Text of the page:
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Greyhounds and Cats

At SGS we will whenever possible "cat test" our greyhounds. This test consists of monitoring the greyhounds reaction to the cat. We do not take this lightly and in fact if we have any doubt we will not home that dog to a home with cats. 

 

What we are looking for is a dog that can be distracted from the cat, whether with food, or attention, or even better when the dog himself pays little attention to the cat. A complete no is when the dog stares transfixed, trembles and the body is rigid, nothing can make this dog take his or her eyes off the cat.

If the dog can be distracted the test is taken up a notch, have the cat move around or meow. If a dog is relaxed around the cat and looks at you when you talk to them they will be classed as potentially trainable.

Although we do these tests, we can never ever say a greyhound is cat safe. The training is ongoing when in the dogs new home, and new owners must be prepared for a stressful few days or weeks until the dog starts to feel settled.

The reason for this is because If your cat really does "freak out" about sharing its house with a greyhound, it could do what cats do and make itself scarce for a while or worse, you never see your cat again. You are also training your cat to live with a greyhound remember! Also greyhounds who are exposed to cats on a regular basis generally become accustomed to the cat quicker. If the cat is a permanent fixture in the house, the greyhound will be exposed to the cat much more. The cat stops becoming a novelty, its part of the dogs new life, part of the package.

The cat should be given the option of having a dog free area somewhere in the house but do not shut the dog out of this area. It is preferable to use dog gates/ children's stair gates. This means that your cat can freely come and go as it pleases but the dog cannot follow. However, the dog will be able to see the cat at all times. Continually separating cat and greyhound will make the dog a lot more interested in the cat because of the novelty factor of seeing it.

If you have any other dogs, introduce the dogs outside, perhaps allow the dogs to run round the garden or go for a walk if possible, get their greetings out of the way and generally just wait for them to settle down before going inside to meet the cat. Before allowing your new greyhound inside, ensure that it is on a strong lead, the greyhound collar is fitted tightly (to prevent the dog backing out of it) and the dog is securely muzzled.

Do not try to hold the cat in your arms. You could get severely scratched and bitten by the cat and it also heightens the dog's interest. Gently pull the dog back and try to distract him by calling his name and by having some very nice dog treats available. Cheese works well. Every time your dog lunges for the cat, do the same again. If you can distract the dog, reward the dog well and give lots of cuddles. Keep the dog on lead and muzzled at all times when the dog and cat are together but let the cat come and go as it pleases. Make sure you have a firm grip on the dogs lead at these times and try to keep the cat away from the dog whilst it is unmuzzled. Other than that, it is possible for a greyhounds to drink and do all other things whilst wearing a muzzle, although the muzzle must be removed to allow the dog to eat, or if the dog shows any signs of vomiting.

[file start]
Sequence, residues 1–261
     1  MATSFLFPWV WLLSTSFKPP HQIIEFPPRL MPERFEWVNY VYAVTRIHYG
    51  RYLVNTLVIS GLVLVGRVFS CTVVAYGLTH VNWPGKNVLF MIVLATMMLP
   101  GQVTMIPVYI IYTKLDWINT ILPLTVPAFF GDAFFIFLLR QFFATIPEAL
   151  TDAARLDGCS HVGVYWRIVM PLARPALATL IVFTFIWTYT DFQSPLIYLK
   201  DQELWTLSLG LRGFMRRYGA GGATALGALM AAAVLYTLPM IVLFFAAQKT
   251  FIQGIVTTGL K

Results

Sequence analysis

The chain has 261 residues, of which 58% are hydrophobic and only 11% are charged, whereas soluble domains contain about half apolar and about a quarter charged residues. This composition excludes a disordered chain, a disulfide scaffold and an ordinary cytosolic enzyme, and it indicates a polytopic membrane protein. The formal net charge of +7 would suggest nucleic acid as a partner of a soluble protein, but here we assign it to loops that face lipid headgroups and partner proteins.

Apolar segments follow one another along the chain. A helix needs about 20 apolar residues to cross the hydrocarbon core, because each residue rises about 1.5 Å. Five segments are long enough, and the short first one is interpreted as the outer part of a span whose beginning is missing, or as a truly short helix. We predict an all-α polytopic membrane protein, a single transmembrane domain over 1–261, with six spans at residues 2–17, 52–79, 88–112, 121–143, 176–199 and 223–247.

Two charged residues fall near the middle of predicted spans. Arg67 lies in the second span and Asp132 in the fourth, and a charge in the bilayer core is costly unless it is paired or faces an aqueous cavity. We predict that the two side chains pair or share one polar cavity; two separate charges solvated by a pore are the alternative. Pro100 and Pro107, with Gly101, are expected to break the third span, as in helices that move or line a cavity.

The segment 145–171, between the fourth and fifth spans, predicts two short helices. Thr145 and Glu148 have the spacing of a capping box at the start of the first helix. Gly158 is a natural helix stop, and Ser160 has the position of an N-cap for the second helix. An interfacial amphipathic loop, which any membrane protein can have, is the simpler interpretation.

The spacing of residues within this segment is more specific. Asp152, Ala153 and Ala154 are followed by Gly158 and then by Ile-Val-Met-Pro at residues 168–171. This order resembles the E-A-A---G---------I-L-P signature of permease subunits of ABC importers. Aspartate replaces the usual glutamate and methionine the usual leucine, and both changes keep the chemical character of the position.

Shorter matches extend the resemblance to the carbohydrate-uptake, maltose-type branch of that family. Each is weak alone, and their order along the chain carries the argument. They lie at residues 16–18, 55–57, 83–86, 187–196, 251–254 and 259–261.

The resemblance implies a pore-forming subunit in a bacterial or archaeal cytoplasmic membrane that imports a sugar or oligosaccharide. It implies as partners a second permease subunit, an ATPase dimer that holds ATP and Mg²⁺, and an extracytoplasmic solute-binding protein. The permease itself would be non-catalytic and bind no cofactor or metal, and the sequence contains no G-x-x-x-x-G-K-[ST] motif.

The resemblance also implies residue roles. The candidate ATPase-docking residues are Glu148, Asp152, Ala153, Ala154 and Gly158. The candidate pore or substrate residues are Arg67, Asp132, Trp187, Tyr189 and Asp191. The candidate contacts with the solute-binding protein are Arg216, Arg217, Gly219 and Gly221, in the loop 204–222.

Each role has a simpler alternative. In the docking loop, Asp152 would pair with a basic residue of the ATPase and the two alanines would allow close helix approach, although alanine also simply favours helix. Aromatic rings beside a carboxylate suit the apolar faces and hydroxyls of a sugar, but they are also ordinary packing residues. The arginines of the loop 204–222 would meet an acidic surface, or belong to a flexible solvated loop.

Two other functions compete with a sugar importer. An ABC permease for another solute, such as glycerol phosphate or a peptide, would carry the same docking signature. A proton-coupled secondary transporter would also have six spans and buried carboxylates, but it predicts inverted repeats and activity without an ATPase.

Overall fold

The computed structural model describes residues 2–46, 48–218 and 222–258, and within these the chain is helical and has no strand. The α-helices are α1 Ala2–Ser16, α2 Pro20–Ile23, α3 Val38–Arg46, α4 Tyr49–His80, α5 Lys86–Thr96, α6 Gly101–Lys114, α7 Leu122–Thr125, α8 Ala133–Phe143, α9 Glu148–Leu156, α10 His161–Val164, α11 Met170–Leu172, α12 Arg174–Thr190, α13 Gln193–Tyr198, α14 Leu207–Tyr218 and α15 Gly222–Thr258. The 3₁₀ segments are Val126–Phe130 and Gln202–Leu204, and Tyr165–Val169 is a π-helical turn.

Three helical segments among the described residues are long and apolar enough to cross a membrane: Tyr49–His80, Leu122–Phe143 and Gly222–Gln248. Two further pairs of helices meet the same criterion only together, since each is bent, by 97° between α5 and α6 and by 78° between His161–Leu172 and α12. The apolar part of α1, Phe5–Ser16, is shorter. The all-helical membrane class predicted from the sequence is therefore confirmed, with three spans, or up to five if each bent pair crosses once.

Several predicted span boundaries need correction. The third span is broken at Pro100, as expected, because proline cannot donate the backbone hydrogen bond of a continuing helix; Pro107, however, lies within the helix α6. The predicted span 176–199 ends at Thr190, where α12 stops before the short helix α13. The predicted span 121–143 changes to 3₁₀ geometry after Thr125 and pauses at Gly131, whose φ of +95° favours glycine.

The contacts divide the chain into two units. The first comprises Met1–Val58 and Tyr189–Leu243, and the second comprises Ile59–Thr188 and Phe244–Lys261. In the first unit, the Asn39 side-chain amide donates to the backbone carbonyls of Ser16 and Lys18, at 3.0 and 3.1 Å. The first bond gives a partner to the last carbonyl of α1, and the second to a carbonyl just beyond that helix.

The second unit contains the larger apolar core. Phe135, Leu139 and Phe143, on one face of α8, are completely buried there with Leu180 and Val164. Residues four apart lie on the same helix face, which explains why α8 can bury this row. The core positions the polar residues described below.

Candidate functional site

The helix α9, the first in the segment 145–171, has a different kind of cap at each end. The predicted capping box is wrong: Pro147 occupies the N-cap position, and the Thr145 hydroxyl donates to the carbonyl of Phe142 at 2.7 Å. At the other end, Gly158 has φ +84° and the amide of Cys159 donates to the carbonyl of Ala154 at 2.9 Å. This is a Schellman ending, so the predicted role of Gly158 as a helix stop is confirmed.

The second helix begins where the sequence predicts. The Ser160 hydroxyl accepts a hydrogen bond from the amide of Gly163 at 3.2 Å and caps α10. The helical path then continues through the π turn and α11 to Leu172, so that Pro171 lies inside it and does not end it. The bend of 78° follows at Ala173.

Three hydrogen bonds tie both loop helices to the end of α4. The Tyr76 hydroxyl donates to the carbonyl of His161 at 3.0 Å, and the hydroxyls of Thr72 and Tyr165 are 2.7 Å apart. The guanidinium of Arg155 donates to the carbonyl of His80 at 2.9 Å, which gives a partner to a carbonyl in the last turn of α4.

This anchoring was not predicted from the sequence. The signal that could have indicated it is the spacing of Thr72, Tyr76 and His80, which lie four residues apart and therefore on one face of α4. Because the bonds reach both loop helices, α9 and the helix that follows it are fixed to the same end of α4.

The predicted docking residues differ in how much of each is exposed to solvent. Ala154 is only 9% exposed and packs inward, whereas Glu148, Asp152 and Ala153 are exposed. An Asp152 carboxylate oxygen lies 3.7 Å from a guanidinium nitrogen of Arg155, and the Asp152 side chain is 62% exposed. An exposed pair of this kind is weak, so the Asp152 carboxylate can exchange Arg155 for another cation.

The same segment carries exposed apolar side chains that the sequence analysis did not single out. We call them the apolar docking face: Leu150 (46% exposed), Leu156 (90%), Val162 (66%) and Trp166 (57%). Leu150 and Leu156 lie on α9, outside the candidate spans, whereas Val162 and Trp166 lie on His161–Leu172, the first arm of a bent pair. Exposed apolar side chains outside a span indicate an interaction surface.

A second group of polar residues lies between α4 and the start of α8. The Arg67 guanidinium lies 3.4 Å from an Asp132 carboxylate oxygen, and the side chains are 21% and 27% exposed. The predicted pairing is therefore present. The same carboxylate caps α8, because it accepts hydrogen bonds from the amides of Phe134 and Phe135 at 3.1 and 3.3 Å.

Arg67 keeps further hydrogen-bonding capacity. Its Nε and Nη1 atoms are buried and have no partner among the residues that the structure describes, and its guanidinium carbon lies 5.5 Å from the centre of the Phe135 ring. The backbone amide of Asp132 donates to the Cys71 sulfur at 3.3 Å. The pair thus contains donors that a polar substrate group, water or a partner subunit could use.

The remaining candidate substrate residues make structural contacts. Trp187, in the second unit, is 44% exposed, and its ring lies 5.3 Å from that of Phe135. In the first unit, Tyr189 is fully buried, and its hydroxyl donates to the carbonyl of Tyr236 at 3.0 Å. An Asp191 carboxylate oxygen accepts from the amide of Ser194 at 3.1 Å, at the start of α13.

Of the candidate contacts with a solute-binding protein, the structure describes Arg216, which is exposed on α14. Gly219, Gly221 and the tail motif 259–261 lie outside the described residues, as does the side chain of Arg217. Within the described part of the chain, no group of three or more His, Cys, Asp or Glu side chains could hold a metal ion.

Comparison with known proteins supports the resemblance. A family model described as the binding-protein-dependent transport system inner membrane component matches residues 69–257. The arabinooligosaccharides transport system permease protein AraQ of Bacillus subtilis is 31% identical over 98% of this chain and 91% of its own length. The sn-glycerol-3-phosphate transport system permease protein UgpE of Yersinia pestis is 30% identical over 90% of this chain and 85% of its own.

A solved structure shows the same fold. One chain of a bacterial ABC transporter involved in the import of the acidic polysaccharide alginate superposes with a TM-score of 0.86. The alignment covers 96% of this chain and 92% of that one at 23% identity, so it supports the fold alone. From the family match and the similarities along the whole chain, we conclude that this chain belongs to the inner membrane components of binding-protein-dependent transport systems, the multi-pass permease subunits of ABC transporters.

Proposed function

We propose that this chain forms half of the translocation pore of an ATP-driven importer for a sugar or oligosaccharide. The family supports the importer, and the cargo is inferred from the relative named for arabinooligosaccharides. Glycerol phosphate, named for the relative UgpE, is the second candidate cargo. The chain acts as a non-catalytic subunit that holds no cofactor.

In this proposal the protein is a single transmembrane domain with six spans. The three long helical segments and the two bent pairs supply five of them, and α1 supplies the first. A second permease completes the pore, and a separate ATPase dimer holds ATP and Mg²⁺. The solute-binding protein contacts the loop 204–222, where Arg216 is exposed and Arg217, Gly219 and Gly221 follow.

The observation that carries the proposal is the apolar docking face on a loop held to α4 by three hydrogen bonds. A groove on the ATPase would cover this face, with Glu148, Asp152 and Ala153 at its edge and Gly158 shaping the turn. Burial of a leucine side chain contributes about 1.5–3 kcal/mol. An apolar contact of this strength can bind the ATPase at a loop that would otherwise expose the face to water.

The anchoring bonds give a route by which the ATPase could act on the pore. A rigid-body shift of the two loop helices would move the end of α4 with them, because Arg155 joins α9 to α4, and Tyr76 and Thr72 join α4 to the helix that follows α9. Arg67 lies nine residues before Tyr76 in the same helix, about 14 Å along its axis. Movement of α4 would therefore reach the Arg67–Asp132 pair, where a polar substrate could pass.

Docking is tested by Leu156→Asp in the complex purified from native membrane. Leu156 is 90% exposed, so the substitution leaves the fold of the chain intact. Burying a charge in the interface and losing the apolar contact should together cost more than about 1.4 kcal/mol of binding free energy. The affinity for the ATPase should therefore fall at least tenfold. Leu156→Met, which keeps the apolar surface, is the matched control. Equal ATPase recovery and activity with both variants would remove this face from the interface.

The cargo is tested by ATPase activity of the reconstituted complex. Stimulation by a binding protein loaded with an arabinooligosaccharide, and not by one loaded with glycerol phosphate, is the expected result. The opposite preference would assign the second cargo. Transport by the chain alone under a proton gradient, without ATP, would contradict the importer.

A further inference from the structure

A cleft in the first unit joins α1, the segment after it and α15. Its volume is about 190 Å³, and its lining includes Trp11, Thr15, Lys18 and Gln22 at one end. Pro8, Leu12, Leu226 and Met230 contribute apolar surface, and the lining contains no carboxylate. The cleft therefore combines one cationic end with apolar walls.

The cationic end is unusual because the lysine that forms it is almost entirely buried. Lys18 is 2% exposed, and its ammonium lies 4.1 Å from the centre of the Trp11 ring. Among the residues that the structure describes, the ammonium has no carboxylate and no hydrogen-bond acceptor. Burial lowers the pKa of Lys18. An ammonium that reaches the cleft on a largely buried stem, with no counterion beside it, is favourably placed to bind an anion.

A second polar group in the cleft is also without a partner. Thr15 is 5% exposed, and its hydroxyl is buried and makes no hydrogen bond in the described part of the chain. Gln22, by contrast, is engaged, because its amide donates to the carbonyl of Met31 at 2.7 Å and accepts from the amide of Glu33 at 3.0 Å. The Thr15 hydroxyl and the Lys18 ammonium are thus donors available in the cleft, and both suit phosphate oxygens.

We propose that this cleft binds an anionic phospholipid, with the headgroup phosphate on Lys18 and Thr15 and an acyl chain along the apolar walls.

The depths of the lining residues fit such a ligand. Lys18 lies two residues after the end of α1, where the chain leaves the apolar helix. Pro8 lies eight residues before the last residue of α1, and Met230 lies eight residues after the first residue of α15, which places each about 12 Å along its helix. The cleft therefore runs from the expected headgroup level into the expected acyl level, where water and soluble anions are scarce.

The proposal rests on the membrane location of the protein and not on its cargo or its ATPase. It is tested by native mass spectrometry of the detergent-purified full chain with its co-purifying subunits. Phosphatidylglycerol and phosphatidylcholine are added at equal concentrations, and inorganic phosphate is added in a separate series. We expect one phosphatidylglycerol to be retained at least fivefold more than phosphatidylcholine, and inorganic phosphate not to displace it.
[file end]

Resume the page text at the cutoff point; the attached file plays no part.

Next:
As long as your dog is muzzled the cat is safe from serious harm, do not after a couple of days think "oh they are fine now" and take off the muzzle. This is serious business. Some dogs take longer than others to train and it also can be affected by the resident cat; a sleepy older cat is less of a temptation than a flighty young cat that zooms around the place for instance. If you have children the whole household needs to be vigilant. If the cat is in another room and you have given the dog time out from the muzzle and lead, a door opened at the wrong time can be disastrous. So for a while be aware where your cat is at all times.

 

Once you feel confident that the greyhound has lost interest, you can then take the muzzle off while you are at home to supervise. We get asked a lot "when will i know when its safe to take of muzzle or leave them together?". It's hard to answer. Some dogs show zero interest from the get go, some take longer. You will need to trust your own instincts here.